The learning history, as a document and as an intervention, is best evaluated by the way people in the organization can use it. The match of the process with particular groups and the embedding in the organization are important issue in designing the process. In my opinion participation of members from the very start is essential, as is flexibility to redesign along the way. As a consequence: process and results are kind of unpredictable. So the top management/ sponsors should have enough trust in the power of participants to improvise.
"Cooking" with principles in stead of with recipes is a skill the external consultant/ researcher/ practitioner can bring in. Nevertheless, recipes and good instruments ,such as presentation forms, tools, analyzing methods and examples of designs, do help in the performance You can find some on this website, not as prescriptions, but to inspire.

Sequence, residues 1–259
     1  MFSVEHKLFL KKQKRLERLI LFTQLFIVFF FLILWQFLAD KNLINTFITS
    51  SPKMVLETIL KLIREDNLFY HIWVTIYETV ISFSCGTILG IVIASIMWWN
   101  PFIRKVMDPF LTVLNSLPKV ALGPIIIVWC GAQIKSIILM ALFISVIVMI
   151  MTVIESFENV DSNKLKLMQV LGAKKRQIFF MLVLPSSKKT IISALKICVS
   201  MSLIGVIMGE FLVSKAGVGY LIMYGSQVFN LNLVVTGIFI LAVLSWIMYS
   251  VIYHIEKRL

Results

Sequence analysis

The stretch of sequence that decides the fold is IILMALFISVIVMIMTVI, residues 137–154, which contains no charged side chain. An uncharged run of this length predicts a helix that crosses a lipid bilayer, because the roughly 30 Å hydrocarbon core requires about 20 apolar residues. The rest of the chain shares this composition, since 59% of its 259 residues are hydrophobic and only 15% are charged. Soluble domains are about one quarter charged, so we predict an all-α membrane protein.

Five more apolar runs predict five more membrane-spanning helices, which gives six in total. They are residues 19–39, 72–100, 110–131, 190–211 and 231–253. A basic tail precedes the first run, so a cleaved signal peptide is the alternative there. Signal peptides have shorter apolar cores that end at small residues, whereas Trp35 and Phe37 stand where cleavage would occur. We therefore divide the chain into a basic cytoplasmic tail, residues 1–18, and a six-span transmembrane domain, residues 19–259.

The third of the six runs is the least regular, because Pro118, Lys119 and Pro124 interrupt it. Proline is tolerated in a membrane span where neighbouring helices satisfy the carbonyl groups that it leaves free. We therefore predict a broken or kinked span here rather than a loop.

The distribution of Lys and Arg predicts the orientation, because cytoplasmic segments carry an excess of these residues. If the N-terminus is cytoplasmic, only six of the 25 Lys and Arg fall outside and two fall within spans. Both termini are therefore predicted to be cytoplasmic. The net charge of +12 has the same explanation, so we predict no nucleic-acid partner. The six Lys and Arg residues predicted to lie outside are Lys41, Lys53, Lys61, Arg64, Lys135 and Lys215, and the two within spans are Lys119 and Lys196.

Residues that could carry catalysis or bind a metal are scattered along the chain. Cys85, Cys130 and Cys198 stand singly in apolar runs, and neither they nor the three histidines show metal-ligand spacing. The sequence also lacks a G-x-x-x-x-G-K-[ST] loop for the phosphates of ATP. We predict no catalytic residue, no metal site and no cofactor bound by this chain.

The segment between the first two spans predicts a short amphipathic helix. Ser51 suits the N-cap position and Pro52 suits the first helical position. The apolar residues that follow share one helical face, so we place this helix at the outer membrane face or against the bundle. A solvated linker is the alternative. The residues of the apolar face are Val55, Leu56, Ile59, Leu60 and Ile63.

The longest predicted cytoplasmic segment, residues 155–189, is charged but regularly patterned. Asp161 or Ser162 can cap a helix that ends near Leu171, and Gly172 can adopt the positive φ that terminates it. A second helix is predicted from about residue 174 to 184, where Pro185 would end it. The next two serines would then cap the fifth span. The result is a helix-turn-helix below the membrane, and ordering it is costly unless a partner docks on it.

Learning Histories are useful if you want to:
Conditions for a design
I see a Learning History process as a type of Large Scale Intervention, demanding the same conditions. In my opinion the design must mirror the message of the principles, to practice what you preach, this implies:
example of a design
an organization for capacity building in developing countries, the
interviewing and writing of the learning history was done by
professional journalists. The designing team made this choice for reasons of